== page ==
So how can we drive out the darkness and hate, to not become a bystander to the oppression of others, to empower people to not feel alone, and to make sure something like the Holocaust never happens again? First, I want you to enlighten yourselves. I gave you some statistics about the LGBTQ+ community and pregnant black women, but there are so many injustices regarding other groups to be educated about. Its important to go into situations with humility and curiosity for groups and cultures different from your own. Being cognizant about the multidimensional real-world obstacles that others face can help you be more aware of their struggles. Like I said at the beginning, we ALL have a story to tell with unique experiences that are different from the person next to us. The second thing I want you to do is to check yourselves. Check yourselves of your judgments and challenge your biases. Instead of telling someone they are wrong or bringing them down for how they live their lives, try to understand their distinct points of view and consider their thoughts as being valid. You don't have to adopt their opinions, but you can agree to disagree and accept different lifestyles. If everyone in the world acted the same way and thought the same things, the world would be SOOO boring. But imagine the world of knowledge you would have if you went beyond your comfort zone to get to know other populations, whether that involves going across the world or talking to someone at work you have never talked to before. This also involves having the ability to engage in open conversations with individuals who have those dissimilar beliefs. Having open conversations with your children at an early age is equally important. Parents, I know it feels impossible sometimes to put into words the really big issues and loaded topics. But in the age of cell phones, streaming video, and 24-hour news coverage -- when even little kids are exposed to really serious stories -- it's important to face this challenge head-on. This not only allows kids the opportunity to have their questions answered by you and not some other source, but it also helps them feel safer. And when you show them how to gather and interpret information, ask questions, and cross-check sources, they become critical thinkers.
Lastly, I want you to be open to change. This includes opening your minds to others’ perceptions, but this also includes allowing different paths to be present and considering the options to go in either direction. As humans, we are deeply rooted in how we think things should be and are always trying to maintain the status quo. For example, we are slowly moving away from societal norms that constrain us to the expectations of going to college, getting a steady job, getting married, and having kids, retiring at age 65. Social media and other forms of media reinforce the idea that things should be a certain way or another. But most people fear the idea of personal change because we think that to give something up, we must sacrifice something else. But humans are so innovative and resourceful. And when we combine those characteristics with love and compassion as our guiding truth, we can develop and implement systems of change that are beneficial to all living beings and our environment.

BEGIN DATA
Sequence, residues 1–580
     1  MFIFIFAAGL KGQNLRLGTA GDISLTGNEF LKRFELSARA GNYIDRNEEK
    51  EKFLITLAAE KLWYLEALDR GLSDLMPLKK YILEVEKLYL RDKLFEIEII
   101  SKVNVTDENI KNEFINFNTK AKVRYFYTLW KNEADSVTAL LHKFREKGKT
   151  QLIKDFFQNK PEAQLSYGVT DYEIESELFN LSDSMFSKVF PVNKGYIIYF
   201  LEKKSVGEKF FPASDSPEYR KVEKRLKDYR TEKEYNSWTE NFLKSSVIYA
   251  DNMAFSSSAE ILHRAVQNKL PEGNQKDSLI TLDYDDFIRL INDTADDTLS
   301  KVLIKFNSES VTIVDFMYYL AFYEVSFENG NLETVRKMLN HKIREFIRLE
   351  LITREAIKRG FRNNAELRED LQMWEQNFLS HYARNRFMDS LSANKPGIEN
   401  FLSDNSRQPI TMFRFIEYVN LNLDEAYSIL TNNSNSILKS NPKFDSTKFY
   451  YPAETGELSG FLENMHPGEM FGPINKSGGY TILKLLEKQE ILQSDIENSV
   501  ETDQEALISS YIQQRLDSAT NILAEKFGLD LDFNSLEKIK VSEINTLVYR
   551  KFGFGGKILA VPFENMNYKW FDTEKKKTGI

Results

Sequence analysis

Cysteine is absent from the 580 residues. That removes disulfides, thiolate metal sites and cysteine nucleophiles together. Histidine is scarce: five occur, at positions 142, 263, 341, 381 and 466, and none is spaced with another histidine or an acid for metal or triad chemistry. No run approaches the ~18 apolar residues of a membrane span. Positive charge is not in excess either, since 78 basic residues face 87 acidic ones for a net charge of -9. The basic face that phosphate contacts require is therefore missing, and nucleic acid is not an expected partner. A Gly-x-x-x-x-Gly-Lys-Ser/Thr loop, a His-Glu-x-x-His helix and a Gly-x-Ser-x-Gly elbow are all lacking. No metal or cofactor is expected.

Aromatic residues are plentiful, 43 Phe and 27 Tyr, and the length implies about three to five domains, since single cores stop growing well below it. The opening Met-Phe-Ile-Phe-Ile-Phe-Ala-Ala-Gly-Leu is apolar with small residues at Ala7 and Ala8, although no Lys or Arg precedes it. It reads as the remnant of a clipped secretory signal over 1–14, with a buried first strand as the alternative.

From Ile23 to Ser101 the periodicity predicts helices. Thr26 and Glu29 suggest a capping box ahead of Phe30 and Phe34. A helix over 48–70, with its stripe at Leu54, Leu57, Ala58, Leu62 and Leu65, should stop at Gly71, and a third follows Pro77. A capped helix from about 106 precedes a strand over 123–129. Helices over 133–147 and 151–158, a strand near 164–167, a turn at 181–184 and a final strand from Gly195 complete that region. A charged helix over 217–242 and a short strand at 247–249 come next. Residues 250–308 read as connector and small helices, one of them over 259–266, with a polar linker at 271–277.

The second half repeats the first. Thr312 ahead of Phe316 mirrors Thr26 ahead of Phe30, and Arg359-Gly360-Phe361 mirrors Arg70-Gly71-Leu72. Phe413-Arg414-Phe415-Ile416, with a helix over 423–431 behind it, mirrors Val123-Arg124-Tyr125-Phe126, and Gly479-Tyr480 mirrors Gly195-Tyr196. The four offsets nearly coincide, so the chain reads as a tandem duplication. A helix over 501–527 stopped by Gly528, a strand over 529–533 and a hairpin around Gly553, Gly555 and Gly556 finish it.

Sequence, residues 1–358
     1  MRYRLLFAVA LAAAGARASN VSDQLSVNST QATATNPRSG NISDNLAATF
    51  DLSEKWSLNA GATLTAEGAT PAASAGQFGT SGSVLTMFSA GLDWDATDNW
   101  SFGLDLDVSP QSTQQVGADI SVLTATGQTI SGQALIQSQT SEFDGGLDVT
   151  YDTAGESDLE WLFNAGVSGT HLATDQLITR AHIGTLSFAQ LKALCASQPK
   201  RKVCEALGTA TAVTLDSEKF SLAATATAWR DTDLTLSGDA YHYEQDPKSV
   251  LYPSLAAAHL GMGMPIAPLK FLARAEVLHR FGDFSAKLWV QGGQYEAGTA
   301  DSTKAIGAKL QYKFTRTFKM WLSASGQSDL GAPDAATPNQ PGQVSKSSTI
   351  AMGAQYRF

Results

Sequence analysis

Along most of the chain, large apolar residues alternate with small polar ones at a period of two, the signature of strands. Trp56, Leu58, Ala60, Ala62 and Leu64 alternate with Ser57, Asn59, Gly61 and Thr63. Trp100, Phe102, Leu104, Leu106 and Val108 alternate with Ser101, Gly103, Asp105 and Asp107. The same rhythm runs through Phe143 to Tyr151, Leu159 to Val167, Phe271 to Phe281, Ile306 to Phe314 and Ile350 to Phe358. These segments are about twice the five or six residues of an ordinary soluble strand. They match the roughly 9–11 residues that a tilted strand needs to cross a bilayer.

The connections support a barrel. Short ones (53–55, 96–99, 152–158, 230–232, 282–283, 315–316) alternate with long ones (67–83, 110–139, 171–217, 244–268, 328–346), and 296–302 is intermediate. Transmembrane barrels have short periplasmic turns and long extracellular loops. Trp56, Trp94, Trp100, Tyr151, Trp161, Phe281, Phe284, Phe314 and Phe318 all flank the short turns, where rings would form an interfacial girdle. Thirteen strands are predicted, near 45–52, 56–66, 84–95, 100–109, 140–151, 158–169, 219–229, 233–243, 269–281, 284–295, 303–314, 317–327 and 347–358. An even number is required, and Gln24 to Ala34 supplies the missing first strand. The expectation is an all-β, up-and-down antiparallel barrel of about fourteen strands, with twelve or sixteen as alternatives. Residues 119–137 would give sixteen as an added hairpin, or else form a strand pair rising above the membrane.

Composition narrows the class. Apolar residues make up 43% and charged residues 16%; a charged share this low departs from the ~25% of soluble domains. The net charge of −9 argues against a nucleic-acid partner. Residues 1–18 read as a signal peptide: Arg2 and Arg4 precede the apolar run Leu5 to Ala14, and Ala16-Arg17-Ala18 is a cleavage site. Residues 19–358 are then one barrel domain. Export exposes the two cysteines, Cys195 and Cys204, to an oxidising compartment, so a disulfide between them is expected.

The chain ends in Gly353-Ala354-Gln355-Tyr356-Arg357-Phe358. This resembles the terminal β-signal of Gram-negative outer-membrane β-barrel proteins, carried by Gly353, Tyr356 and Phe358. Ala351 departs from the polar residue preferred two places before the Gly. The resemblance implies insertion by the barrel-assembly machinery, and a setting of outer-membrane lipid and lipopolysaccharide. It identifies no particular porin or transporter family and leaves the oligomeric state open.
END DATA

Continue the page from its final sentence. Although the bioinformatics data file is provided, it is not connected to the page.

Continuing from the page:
So I want to challenge you to be empathetic, to not take the easy way out, to be educated, to be bold, and to be open. Dont be a bystander, when you see something wrong, speak up. All of these skills surface with practice, they dont always come naturally. Dr. Maya Angelou said, “Do the best you can until you know better. Then when you know better, do better”. We dont just show up and then magically wait to know better. We show up, and then when we are corrected, we keep working and continue to persevere. If anything, our Judaism and the history of our ancestors has taught us there is so much power in the unity of our community. Our strength allows us to say that we are all survivors. Because our unique narrative is the story of our ancestors, equally those who survived and those who perished during the Holocaust. My grandmother, Beatrice Karp, instilled in me the importance of knowing where I came from and my strength as a third generation holocaust survivor. My power is keeping my grandmother’s legacy alive, and teaching others how to combat hate so something like the Holocaust NEVER HAPPENS AGAIN. And as my grandma would always end our conversations, bye bye for now. Thank you.
Learning to know better is a commitment. We must be ok with getting it wrong, because it is the closest you get to then getting it right.